My latest improvement around the house is going to be a new garage door opener. Mine is about 30 years old and was a cheap brand to begin with, and it just fizzled on me. I'm treating myself with a fancy one with battery backup, so even if the power's out, I can get in and out of the garage. This is the glamorous life of a semi-famous author. I think I need to work on this treating myself thing, but having been through a few situations without power and having to manually open the door, I'd rather have battery backup for my garage door than jewelry or designer clothes.
In other news, I finally got around to seeing the first Captain America movie. I used to enjoy the occasional superhero move, but the recent glut of them had created an extreme adverse reaction in me, to the point I was actively resisting them. But The Red Hat (it deserves capitals) made me want to watch Agent Carter, and then I felt like I was missing the backstory, so when the movie came on one of the cable channels, I ended up watching it.
And I did enjoy it, which isn't a surprise considering I kind of want to be Agent Carter when I grow up, and I love World War II-related stuff. Plus, Steve is pretty much my ideal man (even when he's scrawny). But I HATED the ending. I knew it was coming because I don't live under a rock and I've been watching the sequel series, and I know this movie was mostly the origin story to set up the character and send him to the present to be in The Avengers, but just looking at this movie, I found myself thinking "this is it?"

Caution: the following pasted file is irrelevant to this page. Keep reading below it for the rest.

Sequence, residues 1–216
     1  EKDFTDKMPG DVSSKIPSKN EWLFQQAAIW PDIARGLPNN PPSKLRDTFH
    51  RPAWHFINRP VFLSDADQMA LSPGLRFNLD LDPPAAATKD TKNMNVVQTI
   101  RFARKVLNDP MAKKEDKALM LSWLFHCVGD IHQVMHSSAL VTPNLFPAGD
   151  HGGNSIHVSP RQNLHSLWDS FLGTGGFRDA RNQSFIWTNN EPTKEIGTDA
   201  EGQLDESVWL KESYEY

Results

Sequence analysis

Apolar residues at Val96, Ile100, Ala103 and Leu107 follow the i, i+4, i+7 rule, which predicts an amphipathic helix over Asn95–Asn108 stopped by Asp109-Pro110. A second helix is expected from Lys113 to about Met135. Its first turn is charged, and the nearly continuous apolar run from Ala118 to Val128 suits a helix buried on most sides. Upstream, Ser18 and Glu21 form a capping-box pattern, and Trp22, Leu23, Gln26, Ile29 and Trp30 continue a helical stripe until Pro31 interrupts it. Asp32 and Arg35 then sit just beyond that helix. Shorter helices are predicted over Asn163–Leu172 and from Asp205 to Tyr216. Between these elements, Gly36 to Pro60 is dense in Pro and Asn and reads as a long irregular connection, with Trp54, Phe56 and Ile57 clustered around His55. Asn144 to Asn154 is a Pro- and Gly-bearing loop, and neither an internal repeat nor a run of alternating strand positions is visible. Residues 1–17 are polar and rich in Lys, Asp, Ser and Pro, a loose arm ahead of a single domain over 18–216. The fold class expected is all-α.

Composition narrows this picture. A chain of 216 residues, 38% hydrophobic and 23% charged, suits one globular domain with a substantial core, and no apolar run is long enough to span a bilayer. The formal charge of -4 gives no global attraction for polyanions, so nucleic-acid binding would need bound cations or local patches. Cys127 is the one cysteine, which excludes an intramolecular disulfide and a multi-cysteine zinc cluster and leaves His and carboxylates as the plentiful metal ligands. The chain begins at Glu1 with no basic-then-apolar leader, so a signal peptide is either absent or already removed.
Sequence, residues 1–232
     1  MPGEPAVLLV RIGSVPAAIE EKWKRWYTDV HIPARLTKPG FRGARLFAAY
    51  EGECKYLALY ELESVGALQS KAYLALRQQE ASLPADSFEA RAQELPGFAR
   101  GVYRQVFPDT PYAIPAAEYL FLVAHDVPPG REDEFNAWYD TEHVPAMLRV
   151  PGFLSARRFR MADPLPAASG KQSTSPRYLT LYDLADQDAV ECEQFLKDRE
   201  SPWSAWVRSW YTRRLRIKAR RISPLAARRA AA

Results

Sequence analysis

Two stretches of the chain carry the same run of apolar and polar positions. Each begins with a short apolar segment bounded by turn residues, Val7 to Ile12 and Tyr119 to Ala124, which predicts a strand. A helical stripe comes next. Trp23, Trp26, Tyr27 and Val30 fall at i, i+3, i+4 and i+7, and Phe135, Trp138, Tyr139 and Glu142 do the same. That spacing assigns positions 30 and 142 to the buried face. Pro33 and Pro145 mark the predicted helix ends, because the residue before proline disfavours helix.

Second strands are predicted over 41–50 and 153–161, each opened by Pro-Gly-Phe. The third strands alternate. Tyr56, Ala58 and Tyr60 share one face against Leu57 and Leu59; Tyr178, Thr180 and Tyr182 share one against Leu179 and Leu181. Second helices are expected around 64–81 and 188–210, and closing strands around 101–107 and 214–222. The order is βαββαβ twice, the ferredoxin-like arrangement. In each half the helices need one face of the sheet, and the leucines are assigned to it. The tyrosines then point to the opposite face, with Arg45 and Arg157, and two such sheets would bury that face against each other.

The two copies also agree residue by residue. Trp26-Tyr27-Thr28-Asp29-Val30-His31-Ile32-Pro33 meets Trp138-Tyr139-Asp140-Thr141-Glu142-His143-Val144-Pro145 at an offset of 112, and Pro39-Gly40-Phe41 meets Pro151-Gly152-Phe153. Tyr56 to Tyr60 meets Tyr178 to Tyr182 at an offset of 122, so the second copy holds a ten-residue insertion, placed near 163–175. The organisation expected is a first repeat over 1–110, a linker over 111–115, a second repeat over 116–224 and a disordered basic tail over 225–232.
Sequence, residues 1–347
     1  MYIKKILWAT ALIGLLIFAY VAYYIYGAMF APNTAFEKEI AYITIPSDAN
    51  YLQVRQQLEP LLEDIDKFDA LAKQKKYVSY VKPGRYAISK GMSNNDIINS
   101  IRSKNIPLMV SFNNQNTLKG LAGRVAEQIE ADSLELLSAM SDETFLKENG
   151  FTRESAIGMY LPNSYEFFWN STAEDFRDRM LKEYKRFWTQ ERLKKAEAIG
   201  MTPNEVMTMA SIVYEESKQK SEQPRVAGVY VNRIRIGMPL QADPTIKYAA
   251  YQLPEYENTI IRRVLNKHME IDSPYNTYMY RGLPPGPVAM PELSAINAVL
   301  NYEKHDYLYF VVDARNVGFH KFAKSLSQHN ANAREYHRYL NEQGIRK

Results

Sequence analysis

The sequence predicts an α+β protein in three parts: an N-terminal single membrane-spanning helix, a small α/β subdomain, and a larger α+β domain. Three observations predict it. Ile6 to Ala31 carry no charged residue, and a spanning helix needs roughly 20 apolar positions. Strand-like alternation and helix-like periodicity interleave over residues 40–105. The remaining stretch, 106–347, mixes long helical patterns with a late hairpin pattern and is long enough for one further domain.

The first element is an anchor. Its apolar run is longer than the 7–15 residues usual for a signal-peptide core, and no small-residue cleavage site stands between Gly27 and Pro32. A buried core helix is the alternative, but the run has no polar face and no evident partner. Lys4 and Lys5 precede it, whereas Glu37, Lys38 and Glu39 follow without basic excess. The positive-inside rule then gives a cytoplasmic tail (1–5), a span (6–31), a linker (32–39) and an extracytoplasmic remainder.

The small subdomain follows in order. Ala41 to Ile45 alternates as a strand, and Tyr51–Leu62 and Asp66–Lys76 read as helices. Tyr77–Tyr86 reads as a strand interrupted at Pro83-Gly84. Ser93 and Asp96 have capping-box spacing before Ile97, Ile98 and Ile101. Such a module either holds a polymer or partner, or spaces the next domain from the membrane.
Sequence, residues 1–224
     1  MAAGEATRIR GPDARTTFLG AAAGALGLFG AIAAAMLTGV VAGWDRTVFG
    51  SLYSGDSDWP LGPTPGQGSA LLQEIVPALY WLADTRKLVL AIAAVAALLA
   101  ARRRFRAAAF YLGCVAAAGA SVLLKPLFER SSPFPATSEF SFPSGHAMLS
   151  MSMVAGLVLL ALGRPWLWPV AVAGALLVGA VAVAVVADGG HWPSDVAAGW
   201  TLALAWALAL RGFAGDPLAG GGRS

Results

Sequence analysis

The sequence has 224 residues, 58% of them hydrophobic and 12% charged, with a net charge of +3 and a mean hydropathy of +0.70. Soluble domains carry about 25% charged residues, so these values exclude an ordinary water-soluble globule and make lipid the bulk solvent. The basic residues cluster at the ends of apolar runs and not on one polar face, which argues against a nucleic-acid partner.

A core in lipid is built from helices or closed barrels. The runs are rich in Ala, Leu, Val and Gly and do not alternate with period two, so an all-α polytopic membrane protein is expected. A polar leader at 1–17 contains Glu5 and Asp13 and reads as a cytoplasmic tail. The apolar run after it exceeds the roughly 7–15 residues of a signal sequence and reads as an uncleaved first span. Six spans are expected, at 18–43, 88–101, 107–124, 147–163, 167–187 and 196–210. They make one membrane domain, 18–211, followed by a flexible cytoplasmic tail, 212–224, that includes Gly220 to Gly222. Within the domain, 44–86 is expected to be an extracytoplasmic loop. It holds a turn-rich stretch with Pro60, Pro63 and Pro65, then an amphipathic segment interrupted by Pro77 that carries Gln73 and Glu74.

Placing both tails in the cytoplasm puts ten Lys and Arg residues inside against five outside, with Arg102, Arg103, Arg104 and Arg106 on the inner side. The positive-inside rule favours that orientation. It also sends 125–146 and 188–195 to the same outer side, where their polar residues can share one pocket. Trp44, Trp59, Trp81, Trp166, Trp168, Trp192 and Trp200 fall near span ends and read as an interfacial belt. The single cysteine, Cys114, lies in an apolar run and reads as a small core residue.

I was surprised that Steve and Peggy's relationship amounted to a working friendship with very mild flirting and one kiss, considering in Agent Carter she's going around acting like he's lost the love of her life. I suppose that the sense of lost potential can be as sad as losing someone integral to your life, but it was still a blink-and-you-miss-it relationship. I also felt like there was so much more potential for stories in the WWII setting that they didn't get to. He really only handled one extended, multi-part mission, so is that enough to establish a legend? I don't know how they handled his transition to the present, but I get the sense he's kind of an anachronism in which they contrast his earnest idealism with modern cynicism, and it would have been nice to see a little more of him in his own element before getting that transition. I also loved his team and the mix of all those characters. So yeah, even if that ending was coming, it would have been better if it had been at the end of the third movie in the WWII setting.
I still need a red fedora.